Immigration deal `probably dead`, says US President Donald Trump


Immigration deal `probably dead`, says US President Donald Trump

It was unclear whether the House Republican leadership would get enough votes to pass the measure in that chamber.

After 's comments, Democratic leaders said Congress should refuse all of the president's priorities and instead approve legislation known as the Dream Act, a full amnesty that would grant as many as 2 million illegal immigrants citizenship rights. They are doing nothing to fix DACA.

Republican Senator Lindsey Graham, one of the backers of the bipartisan deal floated last week, said it was naive for Republicans to believe they could get all the defense funding they want but deal with Dreamers later.

Trump told reporters on his way to a dinner Sunday evening that "I don't know if there is going to be a shutdown" at the end of the week. He said he planned to discuss their concerns with Republican leaders.

But, a week later, Graham lamented that Trump seemingly had changed from being open to signing an immigration compromise to being inclined to let immigration protections for young people expire.

The accusations prompted Democrats to blast the GOP senators for impugning a colleague's integrity, while also slamming Trump and his remarks as unabashedly racist.

Republicans can not pass a government funding bill without Democratic votes.

"We don't want to shut down the government".

Former Virginia Democratic Gov. Terry McAuliffe told CNN's Jake Tapper on "State of the Union" that the President, rather than lawmakers, has held up progress.

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Lawmakers agree on the need for a long-term reauthorization of CHIP, but they disagree over how to cover the $14.5 billion annual cost. Those actions did not require congressional approval, and there was limited pressure activists could bring compared to the battle that helped stall repeal of President Barack Obama's health care law. Lawmakers and aides initially said it was received well, raising hopes that a potential shutdown would be sidestepped with relative ease. Otherwise, he said, it will never pass the House, where many conservatives are opposed to extending protections to the Dreamers.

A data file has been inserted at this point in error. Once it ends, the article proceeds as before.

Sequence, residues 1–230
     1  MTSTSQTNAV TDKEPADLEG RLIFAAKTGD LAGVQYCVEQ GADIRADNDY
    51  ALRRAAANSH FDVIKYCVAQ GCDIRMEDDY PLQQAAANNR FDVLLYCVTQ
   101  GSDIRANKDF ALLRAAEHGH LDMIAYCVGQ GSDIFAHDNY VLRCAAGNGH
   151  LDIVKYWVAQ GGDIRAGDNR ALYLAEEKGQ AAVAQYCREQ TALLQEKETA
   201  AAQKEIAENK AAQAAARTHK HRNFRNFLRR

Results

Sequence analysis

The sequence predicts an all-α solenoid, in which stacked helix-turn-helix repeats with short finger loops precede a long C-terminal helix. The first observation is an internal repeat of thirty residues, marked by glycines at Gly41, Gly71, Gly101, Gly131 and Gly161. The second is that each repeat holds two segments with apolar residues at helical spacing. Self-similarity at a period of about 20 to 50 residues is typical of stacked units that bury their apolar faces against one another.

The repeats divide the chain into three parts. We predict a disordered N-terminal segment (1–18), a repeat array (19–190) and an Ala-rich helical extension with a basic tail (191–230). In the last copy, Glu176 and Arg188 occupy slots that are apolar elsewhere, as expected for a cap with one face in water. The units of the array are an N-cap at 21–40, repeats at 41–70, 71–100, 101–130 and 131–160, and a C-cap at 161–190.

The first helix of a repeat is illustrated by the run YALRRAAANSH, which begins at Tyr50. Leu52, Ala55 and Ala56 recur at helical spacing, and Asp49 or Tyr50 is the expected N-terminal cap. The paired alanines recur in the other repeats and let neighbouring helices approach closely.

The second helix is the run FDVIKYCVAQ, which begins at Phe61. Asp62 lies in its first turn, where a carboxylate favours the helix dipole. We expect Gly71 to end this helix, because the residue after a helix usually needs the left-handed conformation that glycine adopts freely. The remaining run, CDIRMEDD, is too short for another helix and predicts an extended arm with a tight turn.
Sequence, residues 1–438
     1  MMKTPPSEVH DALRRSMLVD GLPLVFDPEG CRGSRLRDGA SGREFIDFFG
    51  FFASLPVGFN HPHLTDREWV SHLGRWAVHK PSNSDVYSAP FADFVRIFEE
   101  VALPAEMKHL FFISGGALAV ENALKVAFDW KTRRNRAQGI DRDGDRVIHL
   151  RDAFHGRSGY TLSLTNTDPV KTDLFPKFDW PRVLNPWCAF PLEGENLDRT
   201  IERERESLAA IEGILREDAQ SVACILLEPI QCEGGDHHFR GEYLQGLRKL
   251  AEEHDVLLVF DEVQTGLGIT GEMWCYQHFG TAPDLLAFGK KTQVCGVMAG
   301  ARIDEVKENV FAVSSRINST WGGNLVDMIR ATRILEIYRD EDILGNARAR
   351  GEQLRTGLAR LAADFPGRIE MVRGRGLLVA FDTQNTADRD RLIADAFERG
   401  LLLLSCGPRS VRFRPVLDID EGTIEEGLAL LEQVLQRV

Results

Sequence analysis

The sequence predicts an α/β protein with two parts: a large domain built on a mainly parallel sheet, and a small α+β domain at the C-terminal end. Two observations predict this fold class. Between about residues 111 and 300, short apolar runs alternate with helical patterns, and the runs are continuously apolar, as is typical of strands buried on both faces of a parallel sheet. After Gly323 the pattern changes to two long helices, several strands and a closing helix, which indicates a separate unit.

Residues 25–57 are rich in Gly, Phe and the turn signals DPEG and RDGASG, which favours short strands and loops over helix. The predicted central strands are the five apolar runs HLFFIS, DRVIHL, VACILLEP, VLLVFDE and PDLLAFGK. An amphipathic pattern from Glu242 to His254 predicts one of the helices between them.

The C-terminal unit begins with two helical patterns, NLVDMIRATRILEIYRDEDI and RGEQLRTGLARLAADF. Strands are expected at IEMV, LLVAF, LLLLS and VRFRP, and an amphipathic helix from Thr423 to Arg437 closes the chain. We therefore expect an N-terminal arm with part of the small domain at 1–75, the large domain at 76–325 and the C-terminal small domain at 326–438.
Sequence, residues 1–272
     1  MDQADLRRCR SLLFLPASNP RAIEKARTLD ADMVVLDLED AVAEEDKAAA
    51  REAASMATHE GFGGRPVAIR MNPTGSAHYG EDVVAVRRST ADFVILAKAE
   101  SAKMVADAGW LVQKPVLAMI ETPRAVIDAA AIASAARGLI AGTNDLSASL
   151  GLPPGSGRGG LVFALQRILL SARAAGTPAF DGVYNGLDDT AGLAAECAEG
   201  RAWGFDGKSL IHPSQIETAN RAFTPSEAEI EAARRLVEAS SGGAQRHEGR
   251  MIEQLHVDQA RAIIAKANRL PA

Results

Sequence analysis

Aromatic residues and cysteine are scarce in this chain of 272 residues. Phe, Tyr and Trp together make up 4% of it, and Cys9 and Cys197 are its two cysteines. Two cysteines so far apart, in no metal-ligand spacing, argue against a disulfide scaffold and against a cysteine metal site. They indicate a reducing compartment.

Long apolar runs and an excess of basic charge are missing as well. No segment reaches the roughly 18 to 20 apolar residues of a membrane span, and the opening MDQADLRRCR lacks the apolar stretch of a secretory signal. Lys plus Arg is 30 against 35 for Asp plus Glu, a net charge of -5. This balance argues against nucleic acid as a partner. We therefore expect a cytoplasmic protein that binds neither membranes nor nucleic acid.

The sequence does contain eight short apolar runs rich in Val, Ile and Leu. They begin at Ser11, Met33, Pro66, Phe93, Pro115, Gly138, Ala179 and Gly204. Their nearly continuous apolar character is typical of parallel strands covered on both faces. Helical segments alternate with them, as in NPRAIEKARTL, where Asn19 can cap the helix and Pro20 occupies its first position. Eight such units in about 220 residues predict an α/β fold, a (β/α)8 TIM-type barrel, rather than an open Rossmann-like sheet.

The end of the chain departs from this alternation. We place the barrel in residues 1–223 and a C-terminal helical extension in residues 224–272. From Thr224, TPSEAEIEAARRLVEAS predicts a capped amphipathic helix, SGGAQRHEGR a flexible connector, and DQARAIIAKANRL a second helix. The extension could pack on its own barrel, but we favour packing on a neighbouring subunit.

"There's no trust there", said Rep. Raul Grijalva, D-Ariz. Cotton said Sunday on CBS' "Face the Nation" that he "didn't hear" the vulgar word. I think that's the compromise.

Uh, Donald...repeat after me..."Republicans control both houses of Congress and the White House". Democrats seeking leverage are forcing that bill to require 60 votes for passage.

The program has protected undocumented immigrants brought to the United States as children from being deported. Other red- and swing-state Democrats did not commit.

In a second tweet a few minutes later, he wrote: "I, as President, want people coming into our Country who are going to help us become strong and great again, people coming in through a system based on MERIT". Still, Republicans fear they may lose their majority in the House of Representatives, where several of their vulnerable members represent diverse districts and support a DACA deal.

On the left, liberal groups are ramping up pressure on Democrats to resist any spending plan.

Last September, President Donald Trump rescinded the Deferred Action for Childhood Arrivals (DACA) immigration policy, and the Democratic Party went into full hyperventilation mode - as if Trump had rescinded oxygen.

It was during increasingly fraught negotiations on a bipartisan immigration deal that Trump, according to one official present, complained about immigrants from "shithole" countries and suggested he preferred Norwegians.